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Disabled to Get Discount on White Plains Cab Rides

The Journal News | |
Written by Ken Valenti

Starting this month, passengers of Westchester’s ParaTransit service for the disabled will be able to choose a discounted taxi ride rather than sharing a van when traveling in White Plains.  The one-year pilot program is expected to save the county $300,000, and is one of two ways the county plans to cut costs on transportation for the disabled.  Smaller, more fuel-efficient vans are also expected to bring savings.  “We know how much people rely on our ParaTransit system, and these two changes will help our riders by providing more options on service,” said County Executive Rob Astorino. “This is an example of how smart actions by government can deliver better service at a lower cost.”

Melvyn Tanzman, executive director of Westchester Disabled on the Move, praised the moves, saying cost savings are needed “mainly because we don’t want to see cuts to service and things like that. And we realize that with the budget as it is, everything is at risk.”  He said disabled riders who can take taxis may find them more comfortable and efficient than the vans.  “We believe that as much as possible, when people with disabilities can be mainstreamed into regular forms of transportation, that should be done,” he said.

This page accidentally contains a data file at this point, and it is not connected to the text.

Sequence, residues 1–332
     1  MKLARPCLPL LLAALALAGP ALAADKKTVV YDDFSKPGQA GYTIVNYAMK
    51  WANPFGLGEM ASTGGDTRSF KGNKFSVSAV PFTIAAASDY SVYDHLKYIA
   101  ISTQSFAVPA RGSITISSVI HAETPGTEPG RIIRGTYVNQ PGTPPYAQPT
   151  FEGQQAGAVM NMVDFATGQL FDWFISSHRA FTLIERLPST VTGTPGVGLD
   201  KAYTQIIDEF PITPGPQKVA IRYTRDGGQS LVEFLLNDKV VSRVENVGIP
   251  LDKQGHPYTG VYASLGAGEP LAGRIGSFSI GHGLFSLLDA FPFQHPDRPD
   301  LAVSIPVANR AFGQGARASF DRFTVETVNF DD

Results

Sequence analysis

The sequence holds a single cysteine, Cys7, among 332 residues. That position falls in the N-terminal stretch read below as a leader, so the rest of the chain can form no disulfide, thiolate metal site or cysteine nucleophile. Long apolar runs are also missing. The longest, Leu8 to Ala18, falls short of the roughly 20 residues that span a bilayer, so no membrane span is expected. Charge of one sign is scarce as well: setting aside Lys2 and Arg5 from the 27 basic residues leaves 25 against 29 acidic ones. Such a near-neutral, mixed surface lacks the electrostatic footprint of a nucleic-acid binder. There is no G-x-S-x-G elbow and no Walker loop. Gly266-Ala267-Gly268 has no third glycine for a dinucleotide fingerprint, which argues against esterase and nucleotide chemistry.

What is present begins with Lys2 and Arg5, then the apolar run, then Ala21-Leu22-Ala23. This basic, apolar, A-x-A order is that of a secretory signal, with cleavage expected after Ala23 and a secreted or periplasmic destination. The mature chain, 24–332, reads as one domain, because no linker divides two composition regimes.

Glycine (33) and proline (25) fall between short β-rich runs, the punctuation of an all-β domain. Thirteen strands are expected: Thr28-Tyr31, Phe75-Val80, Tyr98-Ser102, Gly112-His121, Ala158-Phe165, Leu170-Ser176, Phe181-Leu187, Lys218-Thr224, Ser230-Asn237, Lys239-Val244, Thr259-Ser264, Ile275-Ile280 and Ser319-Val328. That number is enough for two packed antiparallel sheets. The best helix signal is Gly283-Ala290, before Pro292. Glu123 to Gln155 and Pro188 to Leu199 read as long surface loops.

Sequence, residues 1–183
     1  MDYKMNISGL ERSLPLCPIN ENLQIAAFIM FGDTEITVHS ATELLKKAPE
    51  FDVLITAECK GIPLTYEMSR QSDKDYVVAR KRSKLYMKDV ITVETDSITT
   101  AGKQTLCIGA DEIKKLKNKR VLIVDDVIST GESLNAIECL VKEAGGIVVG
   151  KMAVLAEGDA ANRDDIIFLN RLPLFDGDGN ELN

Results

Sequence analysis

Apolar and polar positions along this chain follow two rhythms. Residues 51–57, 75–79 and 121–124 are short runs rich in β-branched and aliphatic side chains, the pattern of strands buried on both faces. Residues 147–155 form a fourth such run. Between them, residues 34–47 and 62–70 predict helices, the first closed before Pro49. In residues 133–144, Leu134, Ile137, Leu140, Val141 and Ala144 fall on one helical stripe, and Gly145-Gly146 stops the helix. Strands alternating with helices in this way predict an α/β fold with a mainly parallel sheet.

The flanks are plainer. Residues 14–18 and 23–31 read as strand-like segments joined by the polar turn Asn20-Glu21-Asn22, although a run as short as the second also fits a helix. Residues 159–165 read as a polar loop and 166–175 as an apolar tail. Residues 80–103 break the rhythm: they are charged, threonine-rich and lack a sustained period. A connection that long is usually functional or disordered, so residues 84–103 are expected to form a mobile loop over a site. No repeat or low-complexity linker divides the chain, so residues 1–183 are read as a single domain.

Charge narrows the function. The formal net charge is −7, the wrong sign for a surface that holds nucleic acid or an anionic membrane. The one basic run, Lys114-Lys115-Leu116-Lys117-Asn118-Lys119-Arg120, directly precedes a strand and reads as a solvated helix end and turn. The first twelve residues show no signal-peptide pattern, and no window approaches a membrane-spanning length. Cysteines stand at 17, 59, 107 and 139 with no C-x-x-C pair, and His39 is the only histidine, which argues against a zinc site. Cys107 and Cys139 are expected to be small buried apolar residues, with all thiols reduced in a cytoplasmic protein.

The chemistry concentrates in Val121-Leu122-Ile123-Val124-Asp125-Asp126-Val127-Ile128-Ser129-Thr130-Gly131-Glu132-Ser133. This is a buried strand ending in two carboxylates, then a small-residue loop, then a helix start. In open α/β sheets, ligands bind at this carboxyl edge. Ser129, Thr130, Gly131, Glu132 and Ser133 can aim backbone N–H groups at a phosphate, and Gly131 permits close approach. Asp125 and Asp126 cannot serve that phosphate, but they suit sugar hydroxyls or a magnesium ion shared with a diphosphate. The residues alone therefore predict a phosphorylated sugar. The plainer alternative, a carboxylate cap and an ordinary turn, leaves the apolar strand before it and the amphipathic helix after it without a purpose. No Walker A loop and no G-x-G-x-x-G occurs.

If the taxi pilot plan, called “Bee-Line Taxi,” works in White Plains, it can be expanded to other areas.  Under the plan, a passenger will pay the same $4 that he or she would pay for a ride in one of the vans. But while each ride given in the vans costs the county an average of $50, officials project that they will cover an average of $10 for each van ride.  By taking the taxi, the passenger gets to ride alone rather than sharing a van with other passengers, making several stops along the way, said Evan Latainer, executive director of the county’s Office for the Disabled.

Latainer said the county will contract with three cab companies -one main company and two back-ups.  He said the county is talking with cab companies, but would not say which ones they were because the contracts had not yet been signed.  The smaller vans, seating three people, cost about $24,000 each, as opposed to $60,000 to $65,000 for the others. The county recently had 30 of the new ones delivered.  At the same time, the county will retain many of its full-sized ParaTransit vans, particularly for passengers in wheelchairs and others who need the mechanical lift, Laitainer said.

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